First and Last Name/s of Presenters

Kelly Y. Llaguno Velarde, Sacred Heart UniversityFollow

Participation Type

Poster

Mentor/s

Dr. Colleen Butler-Sweet

Location

University Commons

Start Day/Time

4-20-2018 1:00 PM

End Day/Time

4-20-2018 3:00 PM

Abstract

It has been over a century since W.E.B. DuBois described the double consciousness experienced by African Americans who are forced to measure their souls “by the tape of a world that looks on in amused contempt and pity” (DuBois, 1903). More than one hundred years later, Black Americans continue to face the negative scripts of racism that devalue their humanity, all the while facing the risk of internalizing the presumption of their racial inferiority. Based on ten in-depth, semi-structured interviews with young Black adults between the ages of 18 and 21, this study focuses on the internalization of racism and how its impact on identity construction for young Black adults. Findings indicate that the young Black participants in this study did internalize racist scripts in early childhood, but were more adept at resisting negative racial messages in early adulthood. Parenting strategies could have contributed to the internalization of negative cultural scripts given that each respondent reported that their parents did little to shield them from internalizing presumptions of their racial inferiority. Instead, college served as a time when participants were able to develop and redefine their sense of worth and belonging into a more positive racial identity.

College

College of Arts and Sciences

College and Major available

Sociology

Creative Commons License

Creative Commons Attribution-Noncommercial 4.0 License
This work is licensed under a Creative Commons Attribution-Noncommercial-Share Alike 4.0 License.

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Apr 20th, 1:00 PM Apr 20th, 3:00 PM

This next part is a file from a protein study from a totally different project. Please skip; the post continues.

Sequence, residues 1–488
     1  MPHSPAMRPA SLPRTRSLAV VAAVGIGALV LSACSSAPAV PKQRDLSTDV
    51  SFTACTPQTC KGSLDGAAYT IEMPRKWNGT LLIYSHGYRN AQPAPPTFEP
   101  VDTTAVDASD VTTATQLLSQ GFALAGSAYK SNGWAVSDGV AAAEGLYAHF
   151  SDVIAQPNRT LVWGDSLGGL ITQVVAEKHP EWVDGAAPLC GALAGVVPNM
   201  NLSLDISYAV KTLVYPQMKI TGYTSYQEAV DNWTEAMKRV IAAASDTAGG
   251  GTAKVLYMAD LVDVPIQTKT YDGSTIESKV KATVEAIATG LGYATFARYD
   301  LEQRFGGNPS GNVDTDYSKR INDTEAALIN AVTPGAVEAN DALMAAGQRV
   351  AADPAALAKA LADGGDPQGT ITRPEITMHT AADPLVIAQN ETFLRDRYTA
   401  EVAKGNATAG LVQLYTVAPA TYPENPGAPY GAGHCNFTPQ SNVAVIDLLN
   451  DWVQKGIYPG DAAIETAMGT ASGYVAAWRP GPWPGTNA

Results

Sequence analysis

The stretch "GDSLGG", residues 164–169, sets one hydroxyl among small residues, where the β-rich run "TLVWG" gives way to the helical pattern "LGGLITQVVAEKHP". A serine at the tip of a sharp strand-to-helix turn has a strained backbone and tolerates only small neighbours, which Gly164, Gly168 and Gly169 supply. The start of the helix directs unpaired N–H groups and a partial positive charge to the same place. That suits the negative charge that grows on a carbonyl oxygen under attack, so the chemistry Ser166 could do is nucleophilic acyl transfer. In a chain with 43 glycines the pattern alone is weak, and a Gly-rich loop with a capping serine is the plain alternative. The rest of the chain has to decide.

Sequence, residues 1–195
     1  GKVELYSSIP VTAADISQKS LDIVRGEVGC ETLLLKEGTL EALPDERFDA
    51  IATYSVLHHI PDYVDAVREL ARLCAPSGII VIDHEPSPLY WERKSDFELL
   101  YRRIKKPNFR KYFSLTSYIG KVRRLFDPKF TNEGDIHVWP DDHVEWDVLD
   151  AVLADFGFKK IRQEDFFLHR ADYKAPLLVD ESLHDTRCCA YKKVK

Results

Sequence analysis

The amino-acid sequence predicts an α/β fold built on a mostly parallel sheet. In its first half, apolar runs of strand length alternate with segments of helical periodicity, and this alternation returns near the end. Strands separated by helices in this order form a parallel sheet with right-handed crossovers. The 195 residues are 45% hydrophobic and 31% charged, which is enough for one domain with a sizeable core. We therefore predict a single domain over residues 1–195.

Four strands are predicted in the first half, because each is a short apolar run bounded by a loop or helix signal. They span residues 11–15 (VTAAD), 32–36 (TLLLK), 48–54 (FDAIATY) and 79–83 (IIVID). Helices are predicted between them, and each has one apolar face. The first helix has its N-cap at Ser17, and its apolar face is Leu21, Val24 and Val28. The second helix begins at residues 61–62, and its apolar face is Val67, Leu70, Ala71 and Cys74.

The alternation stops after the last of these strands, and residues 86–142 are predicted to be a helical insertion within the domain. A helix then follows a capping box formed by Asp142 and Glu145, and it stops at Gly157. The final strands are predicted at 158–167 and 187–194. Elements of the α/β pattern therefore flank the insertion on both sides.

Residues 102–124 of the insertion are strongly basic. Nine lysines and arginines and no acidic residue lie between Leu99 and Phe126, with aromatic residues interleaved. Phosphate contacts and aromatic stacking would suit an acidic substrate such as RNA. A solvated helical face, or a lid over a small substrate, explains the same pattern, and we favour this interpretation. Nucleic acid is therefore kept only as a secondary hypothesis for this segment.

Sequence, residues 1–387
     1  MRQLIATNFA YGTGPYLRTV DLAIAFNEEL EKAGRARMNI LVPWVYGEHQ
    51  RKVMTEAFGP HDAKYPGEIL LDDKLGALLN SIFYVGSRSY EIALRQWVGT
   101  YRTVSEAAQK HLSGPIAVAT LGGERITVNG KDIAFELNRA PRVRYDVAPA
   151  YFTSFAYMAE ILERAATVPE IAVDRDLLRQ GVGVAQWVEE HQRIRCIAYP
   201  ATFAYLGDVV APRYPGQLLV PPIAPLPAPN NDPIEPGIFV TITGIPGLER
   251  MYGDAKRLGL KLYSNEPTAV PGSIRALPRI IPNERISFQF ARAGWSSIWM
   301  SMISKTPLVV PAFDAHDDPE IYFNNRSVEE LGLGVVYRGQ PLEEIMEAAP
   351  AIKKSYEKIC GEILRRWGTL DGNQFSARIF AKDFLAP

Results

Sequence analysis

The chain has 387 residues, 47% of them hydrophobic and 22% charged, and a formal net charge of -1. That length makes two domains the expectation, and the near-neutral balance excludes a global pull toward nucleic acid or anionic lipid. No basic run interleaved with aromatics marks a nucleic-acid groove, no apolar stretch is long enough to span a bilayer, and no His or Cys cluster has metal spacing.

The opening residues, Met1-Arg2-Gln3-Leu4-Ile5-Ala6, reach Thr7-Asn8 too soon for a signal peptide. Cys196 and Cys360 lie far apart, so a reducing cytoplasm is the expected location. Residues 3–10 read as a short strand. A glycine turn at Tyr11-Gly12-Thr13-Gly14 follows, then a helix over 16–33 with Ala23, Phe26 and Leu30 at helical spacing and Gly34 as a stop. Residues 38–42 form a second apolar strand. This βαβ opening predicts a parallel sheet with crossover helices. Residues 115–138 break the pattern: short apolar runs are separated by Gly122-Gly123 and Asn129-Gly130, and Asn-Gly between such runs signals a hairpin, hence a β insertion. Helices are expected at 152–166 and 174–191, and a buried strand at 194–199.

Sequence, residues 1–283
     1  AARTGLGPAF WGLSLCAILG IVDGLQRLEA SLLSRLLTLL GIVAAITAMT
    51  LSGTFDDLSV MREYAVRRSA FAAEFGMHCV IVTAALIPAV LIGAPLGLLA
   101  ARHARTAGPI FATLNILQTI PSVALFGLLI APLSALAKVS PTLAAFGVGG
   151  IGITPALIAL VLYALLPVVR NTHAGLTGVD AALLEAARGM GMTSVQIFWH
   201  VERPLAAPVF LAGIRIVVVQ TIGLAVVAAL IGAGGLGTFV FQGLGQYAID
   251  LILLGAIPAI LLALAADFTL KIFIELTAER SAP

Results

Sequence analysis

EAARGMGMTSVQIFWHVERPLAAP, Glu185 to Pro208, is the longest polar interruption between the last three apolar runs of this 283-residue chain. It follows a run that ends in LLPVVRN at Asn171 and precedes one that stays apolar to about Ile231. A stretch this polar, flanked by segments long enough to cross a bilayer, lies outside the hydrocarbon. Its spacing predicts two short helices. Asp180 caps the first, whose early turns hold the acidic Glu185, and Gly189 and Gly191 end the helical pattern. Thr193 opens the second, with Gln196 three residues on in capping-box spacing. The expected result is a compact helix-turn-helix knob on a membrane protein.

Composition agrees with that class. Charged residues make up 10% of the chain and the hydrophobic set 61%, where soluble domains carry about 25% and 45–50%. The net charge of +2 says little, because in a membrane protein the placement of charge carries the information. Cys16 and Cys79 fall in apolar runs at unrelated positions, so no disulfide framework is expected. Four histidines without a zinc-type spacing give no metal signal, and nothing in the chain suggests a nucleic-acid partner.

Negative Scripts, Racism, and Its Effects on Black Identity Construction

University Commons

It has been over a century since W.E.B. DuBois described the double consciousness experienced by African Americans who are forced to measure their souls “by the tape of a world that looks on in amused contempt and pity” (DuBois, 1903). More than one hundred years later, Black Americans continue to face the negative scripts of racism that devalue their humanity, all the while facing the risk of internalizing the presumption of their racial inferiority. Based on ten in-depth, semi-structured interviews with young Black adults between the ages of 18 and 21, this study focuses on the internalization of racism and how its impact on identity construction for young Black adults. Findings indicate that the young Black participants in this study did internalize racist scripts in early childhood, but were more adept at resisting negative racial messages in early adulthood. Parenting strategies could have contributed to the internalization of negative cultural scripts given that each respondent reported that their parents did little to shield them from internalizing presumptions of their racial inferiority. Instead, college served as a time when participants were able to develop and redefine their sense of worth and belonging into a more positive racial identity.

 

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